Fortunately for us in the Twin Cities, there is no shortage of shops carrying Uplands Cheese. Besides Surdyk’s, you can find it at France 44, the St. Paul Cheese Shop, Heartland Farm Direct Market, and Lunds and Byerly’s. And that says something about the reach and tenacity and integrity — not to mention the quality — of this tiny dairying operation.
You’ve probably seen the Peace Coffee bike delivery guy chugging down Twin Cities streets, pulling a 400-pound trailer. Or maybe the biodiesel delivery truck. You have definitely seen the beans for sale in nearly every local grocery store and dozens of coffee shops. We might even take Peace Coffee for granted — we’ve got easy-to-find, midpriced, high-quality, fair trade coffee available wherever and whenever we want it.
But it wasn’t always so. Peace Coffee got its start 15 years ago, in a closet in the offices of the Institute for Agriculture and Trade Policy in South Minneapolis. As company lore has it, a Mexican coffee farmer had challenged the IATP that its approach was all talk and no action. A year later, a shipping container full of Mexican beans landed in Minneapolis.
Nobody at IATP ever intended to start an iconic local brand, but a combination of good timing and remarkable persistence made it so. Now Peace Coffee, still owned by IATP, buys from 18 farm cooperatives in about 15 countries. It works through an importing cooperative, which is like a big buying club. “There’s nobody in between those farmers and us,” says project manager Anna Canning. “So we’re able to pay a good price and then turn around and sell at really competitive prices here. We want to make excellent coffee accessible.”
The next logical step for Peace Coffee was to start pouring excellently brewed cups directly for customers, and that’s why they opened their own coffee shop in the Longfellow neighborhood last year. “We have stewardship of those beans all the way, right up to our relationship with our customers,” Canning explains.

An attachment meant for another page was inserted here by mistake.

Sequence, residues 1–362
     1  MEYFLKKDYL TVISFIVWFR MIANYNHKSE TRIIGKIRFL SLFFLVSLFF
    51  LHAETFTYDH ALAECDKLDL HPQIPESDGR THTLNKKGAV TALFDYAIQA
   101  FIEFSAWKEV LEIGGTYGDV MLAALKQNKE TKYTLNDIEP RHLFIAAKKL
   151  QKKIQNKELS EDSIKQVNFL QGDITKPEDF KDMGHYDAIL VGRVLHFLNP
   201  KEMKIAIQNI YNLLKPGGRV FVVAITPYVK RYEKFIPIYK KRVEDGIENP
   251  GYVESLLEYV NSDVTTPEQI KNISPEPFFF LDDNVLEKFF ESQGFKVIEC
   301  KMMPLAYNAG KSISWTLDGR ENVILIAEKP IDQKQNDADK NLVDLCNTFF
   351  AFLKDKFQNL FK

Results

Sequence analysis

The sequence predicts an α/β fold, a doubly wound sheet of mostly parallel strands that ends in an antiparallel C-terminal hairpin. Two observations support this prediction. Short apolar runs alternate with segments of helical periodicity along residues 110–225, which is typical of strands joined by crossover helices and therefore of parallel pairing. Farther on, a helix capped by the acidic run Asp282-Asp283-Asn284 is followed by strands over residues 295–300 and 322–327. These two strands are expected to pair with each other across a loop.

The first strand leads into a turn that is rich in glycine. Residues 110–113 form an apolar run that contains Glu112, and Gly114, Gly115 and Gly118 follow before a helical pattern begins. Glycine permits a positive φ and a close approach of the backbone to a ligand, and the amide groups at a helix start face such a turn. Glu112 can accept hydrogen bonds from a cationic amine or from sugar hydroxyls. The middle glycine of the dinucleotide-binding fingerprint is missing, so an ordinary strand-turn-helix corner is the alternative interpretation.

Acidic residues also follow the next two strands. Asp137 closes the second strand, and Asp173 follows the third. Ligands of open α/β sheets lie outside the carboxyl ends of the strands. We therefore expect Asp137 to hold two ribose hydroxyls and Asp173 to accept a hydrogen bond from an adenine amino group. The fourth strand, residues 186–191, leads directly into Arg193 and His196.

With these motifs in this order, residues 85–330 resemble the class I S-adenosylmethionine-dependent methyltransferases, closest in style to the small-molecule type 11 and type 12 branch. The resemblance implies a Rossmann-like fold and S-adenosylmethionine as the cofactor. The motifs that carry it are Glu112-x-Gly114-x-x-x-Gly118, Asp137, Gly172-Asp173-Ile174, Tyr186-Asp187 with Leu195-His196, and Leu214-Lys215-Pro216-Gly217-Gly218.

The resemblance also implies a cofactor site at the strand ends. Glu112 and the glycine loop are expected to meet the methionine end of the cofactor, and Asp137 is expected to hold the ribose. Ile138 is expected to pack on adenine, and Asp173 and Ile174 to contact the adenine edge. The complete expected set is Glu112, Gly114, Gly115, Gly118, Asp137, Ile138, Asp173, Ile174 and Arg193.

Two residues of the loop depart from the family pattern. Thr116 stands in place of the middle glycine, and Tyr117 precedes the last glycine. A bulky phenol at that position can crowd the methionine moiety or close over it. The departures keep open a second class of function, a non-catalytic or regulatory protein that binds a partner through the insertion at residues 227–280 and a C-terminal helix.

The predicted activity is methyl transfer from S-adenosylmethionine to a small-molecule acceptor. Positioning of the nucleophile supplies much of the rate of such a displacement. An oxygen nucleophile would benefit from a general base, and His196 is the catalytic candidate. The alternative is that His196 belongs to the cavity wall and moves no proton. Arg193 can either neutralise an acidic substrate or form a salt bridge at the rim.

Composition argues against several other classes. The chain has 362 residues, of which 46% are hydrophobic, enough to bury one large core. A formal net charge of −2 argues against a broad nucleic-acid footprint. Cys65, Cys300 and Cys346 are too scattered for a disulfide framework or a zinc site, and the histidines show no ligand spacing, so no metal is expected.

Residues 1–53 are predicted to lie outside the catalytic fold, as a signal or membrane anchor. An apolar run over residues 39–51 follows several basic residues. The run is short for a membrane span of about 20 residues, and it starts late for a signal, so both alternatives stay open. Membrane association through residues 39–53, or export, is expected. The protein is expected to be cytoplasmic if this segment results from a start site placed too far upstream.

The building, it almost goes without saying, was remodeled with environmentally-friendly materials and techniques because, as Canning puts it, “We want to be doing as much good and as little bad as we can.” Staying true to your principles should always taste this good.
Did you ever have a hobby that started taking over the whole house? That’s what happened to Colin Gasko (above), otherwise known as the Rogue Chocolatier. His interest in chocolate making started with truffles, melting down store-bought chocolate. But soon he wondered if he couldn’t actually make the chocolate himself — meaning, starting with cacao. Turns out he could.
“I was roasting chocolate in my oven,” he explains, “then I got a mill I put in the basement.” When his next new toy — a mill from India — arrived, it proved too big for the basement, so Gasko started looking around for a place to put it. He rented a 400-square-foot warehouse space and decided, “Let’s see if it pays the rent in six months.”
That was late 2006. By late 2007 the first Rogue Chocolatier bars were in specialty stores. And Colin Gasko had taken each and every one every step of the way, from bean to bar.
Now he produces about 500 bars a week and it’s all that retailers can do to keep them in stock. Gasko is the only chocolate maker in the Upper Midwest currently focusing entirely on single-estate chocolates, meaning that each of his four lines of bars uses beans from just one cacao farm: the Rio Caribe from the Paria Peninsula in Venezuela, the Sambirano from Madagascar, Hispaniola from the Dominican Republic, and the Piura from Peru. And that’s it. Four 60-gram bars. No truffles, no fillings, no sea salt, no bacon, no chile. Just chocolate.
That single-minded focus and the quality he coaxes out of every bean have earned Gasko a national reputation. Martha Stewart featured his chocolates in 2008 and he just got back from picking up a Good Food Award in San Francisco.
Unfortunately, Minnesota will be losing this energetic entrepreneur in the upcoming months. After eight years here, the call of home and family has proved too strong and in April Gasko plans to move the whole operation to central Massachusetts, where he grew up and his family still lives.
Our loss and New England’s gain no doubt, but Gasko promises that he’ll still be shipping bars out to Midwestern retailers. “Some of my best stores are out here,” he notes. “Minnesota has been very good to me.”